Prior to the Covid-19 pandemic, the majority of UK companies employed an on-site workforce to conduct the day-to-day running of their business, with only 27% of employees having worked from home at some point in 2019, on average.
With plant-based foods now firmly in the mind of the mainstream consumer, the sector is set to capitalise and expand into brand new areas. In fact, food & beverage manufacturers are 56% more likely to invest in new plant-based products in 2022.
Barriers to selling such products still remain however. A recent survey by Bloomberg Intelligence found that 29% of customers are still resistant to different tastes and the production methods used in current plant-based foods.
So where is the market set to expand in 2022? New proteins, alternative milks, and replacements for pre-existing foodstuffs are all set to be the hot tickets in the industry this year. Make sure your business is ready to embrace this change by reading on!
Potatoes set to change alternative milk marketAlternative milks have long been at the forefront of the plant-based foods market. As it stands the market is currently worth approximately £400M a year, with one in three people in Britain drinking plant-based milks as of 2021. The demand for alternative milks has in fact now become so prevalent that the majority of coffee chains, such as Costa and Starbucks, no longer charge for orders that utilise them.
There are however still barriers to entry for consumers when it comes to non-dairy milks. Taste is still cited as a key factor, as well as a higher price when compared to dairy products. Yet despite this the market is expected to grow by 9.1% in the 2021-2022 period.
This potential for growth can most readily be seen in the recent launch of Dug’s potato milk. This newest alternative milk is set to be the next major competitor in the field The product was introduced into a number of Waitrose stores in the UK in February 2022.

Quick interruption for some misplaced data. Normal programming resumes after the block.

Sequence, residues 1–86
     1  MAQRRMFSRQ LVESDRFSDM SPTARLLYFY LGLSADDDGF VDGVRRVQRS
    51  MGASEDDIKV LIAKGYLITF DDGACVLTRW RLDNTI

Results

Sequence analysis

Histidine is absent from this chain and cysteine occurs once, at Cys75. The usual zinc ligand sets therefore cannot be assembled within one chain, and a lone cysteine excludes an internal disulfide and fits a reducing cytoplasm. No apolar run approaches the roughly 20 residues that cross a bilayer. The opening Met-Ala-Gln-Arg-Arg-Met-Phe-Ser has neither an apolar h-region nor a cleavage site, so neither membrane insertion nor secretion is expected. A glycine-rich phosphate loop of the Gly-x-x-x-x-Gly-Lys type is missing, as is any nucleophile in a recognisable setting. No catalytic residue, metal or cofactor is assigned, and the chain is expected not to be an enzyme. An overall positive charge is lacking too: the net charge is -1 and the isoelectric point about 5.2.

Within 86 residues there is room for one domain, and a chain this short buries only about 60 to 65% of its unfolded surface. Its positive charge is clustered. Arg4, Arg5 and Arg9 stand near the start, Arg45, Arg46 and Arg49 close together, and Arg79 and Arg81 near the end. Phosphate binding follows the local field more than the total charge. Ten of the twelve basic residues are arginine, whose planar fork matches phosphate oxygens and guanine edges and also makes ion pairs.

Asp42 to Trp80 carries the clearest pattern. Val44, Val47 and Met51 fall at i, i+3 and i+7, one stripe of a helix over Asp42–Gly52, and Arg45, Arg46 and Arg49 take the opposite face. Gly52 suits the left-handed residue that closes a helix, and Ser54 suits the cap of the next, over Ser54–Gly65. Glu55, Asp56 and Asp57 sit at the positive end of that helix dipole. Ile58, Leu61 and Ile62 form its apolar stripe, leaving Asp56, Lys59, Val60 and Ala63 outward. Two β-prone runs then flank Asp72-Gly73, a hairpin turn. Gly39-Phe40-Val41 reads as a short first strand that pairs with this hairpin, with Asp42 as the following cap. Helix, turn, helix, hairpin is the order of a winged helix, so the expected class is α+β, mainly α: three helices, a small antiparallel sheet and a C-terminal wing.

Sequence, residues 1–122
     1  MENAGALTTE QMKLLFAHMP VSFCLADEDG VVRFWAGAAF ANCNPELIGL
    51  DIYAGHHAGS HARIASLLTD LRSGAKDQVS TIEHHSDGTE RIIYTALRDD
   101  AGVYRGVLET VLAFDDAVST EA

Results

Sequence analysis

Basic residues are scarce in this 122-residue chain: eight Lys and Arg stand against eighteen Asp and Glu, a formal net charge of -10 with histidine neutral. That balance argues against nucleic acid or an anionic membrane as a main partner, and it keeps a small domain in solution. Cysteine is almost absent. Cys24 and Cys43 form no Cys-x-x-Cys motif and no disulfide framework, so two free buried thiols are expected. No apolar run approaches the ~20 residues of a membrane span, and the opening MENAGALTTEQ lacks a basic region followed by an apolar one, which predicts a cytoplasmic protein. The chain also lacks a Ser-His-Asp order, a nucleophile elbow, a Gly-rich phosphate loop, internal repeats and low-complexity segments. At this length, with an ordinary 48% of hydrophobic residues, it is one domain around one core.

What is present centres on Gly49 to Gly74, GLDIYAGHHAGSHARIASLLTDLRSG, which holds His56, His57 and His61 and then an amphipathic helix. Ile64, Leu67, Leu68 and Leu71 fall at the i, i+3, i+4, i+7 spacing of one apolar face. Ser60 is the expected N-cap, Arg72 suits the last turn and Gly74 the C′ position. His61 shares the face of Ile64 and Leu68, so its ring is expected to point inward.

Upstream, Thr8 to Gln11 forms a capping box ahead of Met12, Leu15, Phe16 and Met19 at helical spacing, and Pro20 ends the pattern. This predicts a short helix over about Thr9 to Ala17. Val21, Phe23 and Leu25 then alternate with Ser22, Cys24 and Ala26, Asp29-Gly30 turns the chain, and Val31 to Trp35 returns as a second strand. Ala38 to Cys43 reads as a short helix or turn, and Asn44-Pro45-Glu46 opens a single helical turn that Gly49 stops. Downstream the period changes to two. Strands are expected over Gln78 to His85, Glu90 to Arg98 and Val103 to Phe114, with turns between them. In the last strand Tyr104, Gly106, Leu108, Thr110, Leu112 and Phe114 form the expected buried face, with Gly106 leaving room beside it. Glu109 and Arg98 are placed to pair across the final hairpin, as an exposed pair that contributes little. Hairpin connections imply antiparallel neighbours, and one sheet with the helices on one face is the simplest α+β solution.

Initially the launch of Dug’s line of potato milk looks set to encounter many of the same issues that plague its competitors. The average price of a litre of Dug’s barista milk (£1.80) is drastically higher than an equivalent purchase of cow’s milk (90p). The taste of Dug’s product line also seems to be an issue for cow’s milk stalwarts; reviews of potato milk have been decidedly mixed.
Yet Dug’s potato milk is banking on a theme that remains key for plant-based foods in 2022; sustainability. Dug describes its product line as ‘super sustainable’ with a 75% lower climate footprint than dairy milk. Dug also claims that growing potatoes is twice as efficient as oats whilst using less water than almonds.
Recent consumer data supports such an approach to drawing in new customers too. Research by IBM has found that nearly 60% of those surveyed were willing to change their shopping habits in order reduce their environmental impact. Whilst the figures vary across different age groups, sustainability is cited as a key decision maker for consumers in making their product choices.
Price also may not be as large a factor in 2022 as in previous years. The same research by IBM found that amongst those who were willing to change their shopping habits, over 70% were willing to pay a premium for brands that employ sustainable practices. The potential for Dug’s potato milk could indicate a willingness from consumers to accept a ‘saline aftertaste’ in exchange for shopping ethically.
‘Faux fish’ to become frontline of sustainable plant-based foodsAs already established, alternative milks and plant-based meats are seeing success through capitalising on an already established customer base. A new year can bring new innovations however and 2022 is set to be the year of plant-based seafood.
This new range of products, dubbed ‘faux fish’, are expected to grow by 28% in next decade to an overall market value of $1.3B. Sales in the sector grew 23% from 2019 to 2020 amid fresh innovations in plant-based proteins.
Aside from overall increased awareness and proliferation of plant-based alternatives, unique factors have also driven demand for seafood alternatives. Consumers are becoming more aware of the impact of rampant overfishing as well as the dangers of these practices to marine wildlife. Global supply chain issues in recent years have also seen the price of seafood soar by up to 10.6% in the US alone. It’s likely that the impact of climate change and rising global inflation could see these prices rise even further.